It’s a big week for updates and another busy week for the Bonfield Review.
We continue to be encouraged by all the positive stakeholder responses to the Review and challenged as discussions deepen around developing workstream recommendations. Next week brings another busy, and hopefully productive, week for workstreams.
Liz Male- our lead on skills & training workstream -evaluating the outputs from the recent workshop
Following the Insulation Summit on 13 January, the lead group reconvened to have a review session of the outputs generated from the day and to discuss the next steps; more details are in the main article below.
Our initial Renewables and Consumer Protection workstream events both take place on the 29th January. A larger workshop for Renewables will follow in February building upon the straw-man of recommendations developed.
Skills & Training
We had a really productive workshop on 8 January, expertly facilitated by Liz Male, TrustMark – our industry workstream lead. Technical experts from across the sector came together to discuss a framework for the future in terms of skills, training and certification that would form part of an industry roadmap going forward. We were very much encouraged by the enthusiasm and positive attitude of all the delegates.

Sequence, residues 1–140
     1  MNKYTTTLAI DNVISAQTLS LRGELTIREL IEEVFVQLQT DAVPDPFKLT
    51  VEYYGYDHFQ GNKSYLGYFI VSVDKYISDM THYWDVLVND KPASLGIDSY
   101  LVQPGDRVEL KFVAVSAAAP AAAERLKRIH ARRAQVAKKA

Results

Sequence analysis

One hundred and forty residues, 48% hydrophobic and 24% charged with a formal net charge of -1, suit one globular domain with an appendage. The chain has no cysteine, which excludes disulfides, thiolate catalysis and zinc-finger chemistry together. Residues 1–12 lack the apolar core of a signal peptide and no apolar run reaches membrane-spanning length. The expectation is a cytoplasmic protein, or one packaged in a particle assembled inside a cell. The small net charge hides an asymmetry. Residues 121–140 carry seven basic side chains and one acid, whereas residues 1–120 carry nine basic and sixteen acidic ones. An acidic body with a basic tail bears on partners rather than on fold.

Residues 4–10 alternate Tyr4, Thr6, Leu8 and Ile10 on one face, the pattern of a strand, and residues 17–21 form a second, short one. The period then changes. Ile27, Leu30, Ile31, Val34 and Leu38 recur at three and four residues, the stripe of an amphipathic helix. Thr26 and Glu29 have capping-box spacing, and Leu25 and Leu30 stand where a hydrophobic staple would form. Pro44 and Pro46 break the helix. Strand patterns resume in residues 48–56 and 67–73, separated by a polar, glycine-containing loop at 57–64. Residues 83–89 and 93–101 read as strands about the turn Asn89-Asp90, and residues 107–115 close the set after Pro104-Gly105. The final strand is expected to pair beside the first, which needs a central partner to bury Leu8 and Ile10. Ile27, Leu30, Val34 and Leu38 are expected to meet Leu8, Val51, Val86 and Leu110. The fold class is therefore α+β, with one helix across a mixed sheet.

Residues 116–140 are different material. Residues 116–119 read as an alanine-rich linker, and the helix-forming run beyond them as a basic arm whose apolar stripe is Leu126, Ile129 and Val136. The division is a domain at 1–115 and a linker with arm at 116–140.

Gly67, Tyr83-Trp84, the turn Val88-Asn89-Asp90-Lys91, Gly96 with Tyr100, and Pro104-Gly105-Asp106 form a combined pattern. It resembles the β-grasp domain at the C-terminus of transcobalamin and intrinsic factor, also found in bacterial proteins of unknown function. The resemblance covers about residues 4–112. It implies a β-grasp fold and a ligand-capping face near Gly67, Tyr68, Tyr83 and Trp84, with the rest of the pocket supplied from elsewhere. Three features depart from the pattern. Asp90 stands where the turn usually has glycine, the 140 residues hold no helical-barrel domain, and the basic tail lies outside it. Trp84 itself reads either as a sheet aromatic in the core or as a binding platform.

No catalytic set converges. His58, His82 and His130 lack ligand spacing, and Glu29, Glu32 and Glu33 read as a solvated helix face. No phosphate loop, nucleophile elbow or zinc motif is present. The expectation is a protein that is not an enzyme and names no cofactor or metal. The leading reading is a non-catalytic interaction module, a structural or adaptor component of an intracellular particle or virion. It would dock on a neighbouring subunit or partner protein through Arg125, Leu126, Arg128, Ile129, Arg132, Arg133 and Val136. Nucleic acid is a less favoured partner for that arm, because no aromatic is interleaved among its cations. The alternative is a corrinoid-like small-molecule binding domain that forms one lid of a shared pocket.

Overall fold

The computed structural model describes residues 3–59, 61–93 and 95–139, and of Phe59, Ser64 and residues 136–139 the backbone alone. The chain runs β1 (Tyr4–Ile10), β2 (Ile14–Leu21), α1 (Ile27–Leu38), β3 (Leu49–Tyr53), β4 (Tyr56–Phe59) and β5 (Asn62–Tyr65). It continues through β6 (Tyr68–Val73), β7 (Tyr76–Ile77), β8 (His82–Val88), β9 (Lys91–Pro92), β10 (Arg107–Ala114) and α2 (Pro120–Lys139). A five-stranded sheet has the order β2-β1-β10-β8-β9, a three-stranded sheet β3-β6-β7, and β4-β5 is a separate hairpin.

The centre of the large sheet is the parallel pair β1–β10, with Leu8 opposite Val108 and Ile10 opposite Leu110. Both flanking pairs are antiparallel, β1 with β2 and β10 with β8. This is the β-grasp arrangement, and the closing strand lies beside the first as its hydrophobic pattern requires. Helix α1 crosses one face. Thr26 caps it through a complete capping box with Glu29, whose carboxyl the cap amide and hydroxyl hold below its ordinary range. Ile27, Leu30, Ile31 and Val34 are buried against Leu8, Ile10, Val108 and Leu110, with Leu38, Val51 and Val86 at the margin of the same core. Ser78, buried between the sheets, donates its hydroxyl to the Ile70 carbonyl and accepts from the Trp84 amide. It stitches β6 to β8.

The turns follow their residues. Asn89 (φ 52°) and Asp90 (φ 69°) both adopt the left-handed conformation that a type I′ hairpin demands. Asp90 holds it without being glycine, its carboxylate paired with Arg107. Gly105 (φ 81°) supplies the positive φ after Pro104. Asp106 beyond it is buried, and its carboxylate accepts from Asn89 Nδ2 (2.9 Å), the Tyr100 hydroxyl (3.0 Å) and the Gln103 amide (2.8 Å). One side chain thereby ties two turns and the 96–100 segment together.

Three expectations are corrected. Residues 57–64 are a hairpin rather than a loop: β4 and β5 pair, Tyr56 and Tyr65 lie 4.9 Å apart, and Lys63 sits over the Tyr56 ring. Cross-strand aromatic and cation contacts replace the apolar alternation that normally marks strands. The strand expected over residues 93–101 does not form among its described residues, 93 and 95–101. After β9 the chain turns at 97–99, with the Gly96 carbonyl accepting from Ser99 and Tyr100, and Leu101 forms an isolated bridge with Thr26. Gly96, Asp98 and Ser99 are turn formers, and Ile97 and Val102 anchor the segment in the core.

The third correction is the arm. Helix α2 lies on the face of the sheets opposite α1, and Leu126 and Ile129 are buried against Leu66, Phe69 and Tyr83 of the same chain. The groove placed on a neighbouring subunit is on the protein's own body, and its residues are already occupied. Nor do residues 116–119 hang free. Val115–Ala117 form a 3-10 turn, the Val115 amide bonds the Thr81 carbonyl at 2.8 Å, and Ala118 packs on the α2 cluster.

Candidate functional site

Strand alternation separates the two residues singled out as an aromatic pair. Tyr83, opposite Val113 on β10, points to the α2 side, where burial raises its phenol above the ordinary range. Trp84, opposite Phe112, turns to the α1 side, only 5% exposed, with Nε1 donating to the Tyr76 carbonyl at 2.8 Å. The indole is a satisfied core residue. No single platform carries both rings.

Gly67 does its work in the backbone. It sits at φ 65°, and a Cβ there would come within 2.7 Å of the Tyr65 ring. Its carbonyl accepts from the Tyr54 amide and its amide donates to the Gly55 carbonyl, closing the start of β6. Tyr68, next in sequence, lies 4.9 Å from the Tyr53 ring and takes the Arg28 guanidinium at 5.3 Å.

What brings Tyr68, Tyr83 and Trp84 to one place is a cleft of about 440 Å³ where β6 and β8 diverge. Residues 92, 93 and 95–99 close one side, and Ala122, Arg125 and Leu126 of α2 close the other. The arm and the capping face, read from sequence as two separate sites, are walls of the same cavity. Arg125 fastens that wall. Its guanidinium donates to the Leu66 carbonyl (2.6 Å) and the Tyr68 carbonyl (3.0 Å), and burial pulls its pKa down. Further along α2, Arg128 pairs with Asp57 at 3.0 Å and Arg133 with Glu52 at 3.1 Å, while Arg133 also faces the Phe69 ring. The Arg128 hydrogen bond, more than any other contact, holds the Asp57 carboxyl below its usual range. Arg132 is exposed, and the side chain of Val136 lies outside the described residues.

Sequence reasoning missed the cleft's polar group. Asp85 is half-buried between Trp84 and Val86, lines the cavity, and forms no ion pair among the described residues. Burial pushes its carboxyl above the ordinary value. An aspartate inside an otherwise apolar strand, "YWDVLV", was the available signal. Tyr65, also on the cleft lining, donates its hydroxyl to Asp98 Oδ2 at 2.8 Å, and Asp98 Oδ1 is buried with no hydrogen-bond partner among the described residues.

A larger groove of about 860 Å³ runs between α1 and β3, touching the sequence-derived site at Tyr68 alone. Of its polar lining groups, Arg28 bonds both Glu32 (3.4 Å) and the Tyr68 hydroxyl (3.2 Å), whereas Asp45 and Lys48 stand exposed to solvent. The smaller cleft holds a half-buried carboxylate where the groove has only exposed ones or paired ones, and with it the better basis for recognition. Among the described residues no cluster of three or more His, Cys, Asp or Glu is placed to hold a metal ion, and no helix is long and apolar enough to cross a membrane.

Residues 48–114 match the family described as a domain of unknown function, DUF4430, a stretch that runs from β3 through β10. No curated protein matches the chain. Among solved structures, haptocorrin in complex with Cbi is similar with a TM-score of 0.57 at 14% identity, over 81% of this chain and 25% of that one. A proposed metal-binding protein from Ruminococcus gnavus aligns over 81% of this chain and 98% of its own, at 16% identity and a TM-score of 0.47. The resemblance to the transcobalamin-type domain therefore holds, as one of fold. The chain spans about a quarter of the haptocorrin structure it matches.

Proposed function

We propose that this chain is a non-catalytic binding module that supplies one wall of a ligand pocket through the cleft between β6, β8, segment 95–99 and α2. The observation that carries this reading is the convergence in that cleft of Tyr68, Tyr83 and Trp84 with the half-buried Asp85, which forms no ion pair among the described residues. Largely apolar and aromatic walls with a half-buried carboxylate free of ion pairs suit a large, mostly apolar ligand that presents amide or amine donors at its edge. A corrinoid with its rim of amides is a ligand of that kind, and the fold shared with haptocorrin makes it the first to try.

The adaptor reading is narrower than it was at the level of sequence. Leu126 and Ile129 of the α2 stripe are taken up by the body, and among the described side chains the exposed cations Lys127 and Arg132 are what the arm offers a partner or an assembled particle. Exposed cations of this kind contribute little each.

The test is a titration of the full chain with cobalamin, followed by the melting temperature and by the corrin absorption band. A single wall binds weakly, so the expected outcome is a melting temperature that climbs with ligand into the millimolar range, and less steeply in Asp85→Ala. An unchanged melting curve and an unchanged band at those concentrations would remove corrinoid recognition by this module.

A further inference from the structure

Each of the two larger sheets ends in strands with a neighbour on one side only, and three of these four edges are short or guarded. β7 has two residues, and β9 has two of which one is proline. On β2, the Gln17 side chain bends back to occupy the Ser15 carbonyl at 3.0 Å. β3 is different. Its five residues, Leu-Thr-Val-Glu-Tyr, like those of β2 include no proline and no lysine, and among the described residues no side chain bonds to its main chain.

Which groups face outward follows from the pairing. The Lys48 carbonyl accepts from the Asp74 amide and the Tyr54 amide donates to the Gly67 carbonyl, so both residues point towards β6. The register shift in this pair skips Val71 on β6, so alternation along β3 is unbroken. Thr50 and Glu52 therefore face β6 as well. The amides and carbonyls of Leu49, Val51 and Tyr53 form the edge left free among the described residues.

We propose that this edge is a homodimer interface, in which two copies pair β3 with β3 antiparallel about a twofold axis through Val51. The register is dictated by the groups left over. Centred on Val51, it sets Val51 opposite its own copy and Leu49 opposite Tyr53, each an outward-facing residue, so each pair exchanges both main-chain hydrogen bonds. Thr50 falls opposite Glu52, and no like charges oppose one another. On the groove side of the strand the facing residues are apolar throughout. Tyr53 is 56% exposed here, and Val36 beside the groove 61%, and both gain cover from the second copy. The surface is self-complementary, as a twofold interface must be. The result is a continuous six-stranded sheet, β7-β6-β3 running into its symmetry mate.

Initial discussions focused on five themes:
- Who are we talking about; who are the people / job functions within the retrofit process who need the skills, knowledge and experience to make this market work really well?
- How do we define and embed the competence we are looking for in these people?
- How do we assess and certify competence effectively, so that the market can have confidence in their competence?
- What are the most urgent training priorities, how should these be delivered, and how should they be funded?
- What other drivers of behaviour do we need to understand, given that we could have the best qualified, most highly skilled workforce and yet still suffer from poor performance?
Discussions covered a wide range of issues including the merits and robustness of standards such as the National Occupational Standards, Minimum Technical Competencies and other competence criteria, certification compliance and the critical importance of collaboration across the sector in order to make change happen.
The outcomes of these discussions are being further progressed with experts in the coming weeks
Compliance & Enforcement
A group of 25 experts from across the energy efficiency and renewable technology industry met on Friday 15 January to continue discussions about compliance and enforcement, which started at the first meeting in December.
The group split into sub-groups to debate and discuss:
- A consumer focussed risk-based analysis of the parties involved in delivering measures and services for energy efficiency (including renewables)
- An oversight mechanism for aligning enforcement and administration processes across all areas of energy efficiency and renewable technologies